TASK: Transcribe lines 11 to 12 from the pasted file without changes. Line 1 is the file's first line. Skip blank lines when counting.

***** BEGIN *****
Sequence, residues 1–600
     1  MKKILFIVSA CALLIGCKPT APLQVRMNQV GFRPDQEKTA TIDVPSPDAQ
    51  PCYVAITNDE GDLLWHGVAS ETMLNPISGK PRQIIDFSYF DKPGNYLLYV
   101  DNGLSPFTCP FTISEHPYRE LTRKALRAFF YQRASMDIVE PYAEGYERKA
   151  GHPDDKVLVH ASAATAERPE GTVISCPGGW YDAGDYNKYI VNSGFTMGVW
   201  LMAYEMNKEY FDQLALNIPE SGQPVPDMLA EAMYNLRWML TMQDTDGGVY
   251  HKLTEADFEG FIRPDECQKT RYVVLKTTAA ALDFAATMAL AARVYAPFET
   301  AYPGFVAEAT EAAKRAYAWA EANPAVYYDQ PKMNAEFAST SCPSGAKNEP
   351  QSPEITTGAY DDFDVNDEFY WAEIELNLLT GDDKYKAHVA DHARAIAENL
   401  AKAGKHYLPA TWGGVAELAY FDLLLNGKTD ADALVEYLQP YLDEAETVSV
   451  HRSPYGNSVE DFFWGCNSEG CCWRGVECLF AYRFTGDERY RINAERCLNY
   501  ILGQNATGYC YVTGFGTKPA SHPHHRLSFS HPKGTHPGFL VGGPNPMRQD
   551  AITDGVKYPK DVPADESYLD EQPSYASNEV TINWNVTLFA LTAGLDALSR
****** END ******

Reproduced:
   451  HRSPYGNSVE DFFWGCNSEG CCWRGVECLF AYRFTGDERY RINAERCLNY
   501  ILGQNATGYC YVTGFGTKPA SHPHHRLSFS HPKGTHPGFL VGGPNPMRQD